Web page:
I wrote a post on my own little blog awhile back and decided to share it here where there are more eyes to see and possibly relate to it.  What really is a ‘tea snob’?  That is my question.ID-100153192

Ladies and gentlemen:  Here is a premium Japanese sencha sitting beside a sencha with rose petals and cherry blossoms; a straightforward black tea beside an Earl Grey and next to it a Lavender Earl Grey; next to these is a Yunnan and, beside it, a Yunnan with jasmine. All are wonderful to me because they are all high quality loose leaf teas. I am a tea lover, not a tea snob. If the tea tastes amazing, I’m good with it.   

I’ve heard people over the years call themselves tea snobs, which seems to mean drinking only unblended tea and being able to tell what estate it was grown on, what flush, and the entire story of the tea qualifies them as a ‘tea snob.’   Putting anything in the tea is verboten and pollutes it to peasant, unworthy status.

To me, that’s a lot like handing a talented chef a Kobe steak and telling him to add absolutely no seasoning to it.   The flavor of the naked Kobe is premium, but it can be enhanced by just the right amount of the right seasoning.

I can appreciate the earthy, grainy flavor of oxidized Rooibos, but I also am happy I was open to tasting the beautiful addition of organic blueberries.  Chamomile has a rich, golden goodness on its own but the blender who thought of adding orange peel and oxidized green Rooibos hit a home run.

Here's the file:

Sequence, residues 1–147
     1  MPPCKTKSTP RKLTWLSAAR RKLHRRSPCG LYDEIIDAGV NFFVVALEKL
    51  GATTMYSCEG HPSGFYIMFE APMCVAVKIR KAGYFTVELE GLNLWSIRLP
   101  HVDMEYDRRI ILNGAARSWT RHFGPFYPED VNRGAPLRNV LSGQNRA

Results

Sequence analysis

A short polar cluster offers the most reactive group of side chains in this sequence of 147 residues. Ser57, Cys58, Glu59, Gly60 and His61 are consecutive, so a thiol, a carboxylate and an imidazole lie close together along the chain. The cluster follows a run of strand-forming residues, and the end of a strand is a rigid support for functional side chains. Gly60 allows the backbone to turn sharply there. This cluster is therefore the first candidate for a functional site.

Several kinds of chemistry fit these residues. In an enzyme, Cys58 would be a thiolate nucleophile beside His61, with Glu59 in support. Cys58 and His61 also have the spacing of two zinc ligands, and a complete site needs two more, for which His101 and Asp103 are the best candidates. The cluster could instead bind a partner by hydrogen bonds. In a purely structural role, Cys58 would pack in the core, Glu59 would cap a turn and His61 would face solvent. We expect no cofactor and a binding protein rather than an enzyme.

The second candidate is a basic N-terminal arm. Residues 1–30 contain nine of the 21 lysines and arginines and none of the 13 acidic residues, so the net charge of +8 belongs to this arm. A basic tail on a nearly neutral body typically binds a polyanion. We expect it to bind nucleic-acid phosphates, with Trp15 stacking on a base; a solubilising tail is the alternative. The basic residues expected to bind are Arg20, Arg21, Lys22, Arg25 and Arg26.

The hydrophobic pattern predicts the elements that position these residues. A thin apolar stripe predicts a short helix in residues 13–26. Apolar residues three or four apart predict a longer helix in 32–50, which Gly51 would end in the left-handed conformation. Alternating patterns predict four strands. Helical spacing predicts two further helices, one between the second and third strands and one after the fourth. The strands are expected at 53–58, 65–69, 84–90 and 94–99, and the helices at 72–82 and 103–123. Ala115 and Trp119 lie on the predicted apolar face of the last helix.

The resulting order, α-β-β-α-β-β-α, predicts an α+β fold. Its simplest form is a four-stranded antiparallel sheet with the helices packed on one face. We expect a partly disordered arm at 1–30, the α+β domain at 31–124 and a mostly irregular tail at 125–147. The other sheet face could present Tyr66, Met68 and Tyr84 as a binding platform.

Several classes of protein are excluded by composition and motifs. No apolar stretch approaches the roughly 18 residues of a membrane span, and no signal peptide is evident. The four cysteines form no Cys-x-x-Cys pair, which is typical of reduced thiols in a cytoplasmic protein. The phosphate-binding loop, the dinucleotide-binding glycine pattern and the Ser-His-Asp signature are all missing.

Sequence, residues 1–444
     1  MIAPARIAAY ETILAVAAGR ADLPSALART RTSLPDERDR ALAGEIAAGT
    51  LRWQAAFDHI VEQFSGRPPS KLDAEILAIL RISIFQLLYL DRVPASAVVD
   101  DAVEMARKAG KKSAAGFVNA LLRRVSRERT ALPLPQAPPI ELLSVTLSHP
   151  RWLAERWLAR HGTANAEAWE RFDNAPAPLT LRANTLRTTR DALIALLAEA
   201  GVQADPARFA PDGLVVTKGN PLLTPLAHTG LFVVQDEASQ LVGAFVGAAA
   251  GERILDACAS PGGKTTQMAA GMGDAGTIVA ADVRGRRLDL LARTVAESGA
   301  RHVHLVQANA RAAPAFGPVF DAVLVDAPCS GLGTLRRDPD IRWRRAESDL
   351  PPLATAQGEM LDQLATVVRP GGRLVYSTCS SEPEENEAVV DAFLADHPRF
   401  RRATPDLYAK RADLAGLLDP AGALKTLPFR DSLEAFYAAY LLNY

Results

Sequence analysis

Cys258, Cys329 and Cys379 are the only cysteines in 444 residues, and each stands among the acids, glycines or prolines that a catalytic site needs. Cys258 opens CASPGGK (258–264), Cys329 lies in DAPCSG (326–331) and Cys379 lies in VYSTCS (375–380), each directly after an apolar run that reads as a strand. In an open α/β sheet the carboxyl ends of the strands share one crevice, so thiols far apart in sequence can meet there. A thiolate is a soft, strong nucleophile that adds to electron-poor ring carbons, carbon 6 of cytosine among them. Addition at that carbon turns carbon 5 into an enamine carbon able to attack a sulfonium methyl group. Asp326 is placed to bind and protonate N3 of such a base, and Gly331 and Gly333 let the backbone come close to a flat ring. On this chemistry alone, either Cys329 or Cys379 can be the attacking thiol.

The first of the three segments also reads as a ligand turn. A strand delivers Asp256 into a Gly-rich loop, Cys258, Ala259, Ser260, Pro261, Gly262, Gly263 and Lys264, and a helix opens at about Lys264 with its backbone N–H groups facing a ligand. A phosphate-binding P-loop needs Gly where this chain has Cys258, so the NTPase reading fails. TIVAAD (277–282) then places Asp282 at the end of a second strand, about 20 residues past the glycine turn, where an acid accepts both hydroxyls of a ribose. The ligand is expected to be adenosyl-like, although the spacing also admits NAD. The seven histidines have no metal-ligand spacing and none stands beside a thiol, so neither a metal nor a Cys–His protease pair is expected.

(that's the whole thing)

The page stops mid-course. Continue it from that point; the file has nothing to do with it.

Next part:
Maybe too many amateur blenders have given tea snobs good ammunition.   In the hands of a gifted artisan blender, even amazing teas are often enhanced.  I can appreciate the bold, rich smoothness of the Golden Yunnan and believe it is a black tea like few others. However, the beauty of something I never would have imagined with it – jasmine – in a Yunnan less oxidized, ‘took my breath away.’  If a less talented blender had used a different black Yunnan and a different jasmine, it could have been disastrous.   

ID-100192033A free range chicken’s egg with bright orange-yellow yolk from Grandma’s farm is the best.  For most of us, though, adding a little salt and pepper and basting it now and then in butter while frying brings out even more of what the egg has to offer our palates.

Food, beverage . . . for me, it’s all about two things: Health and flavor, and not always in that order.


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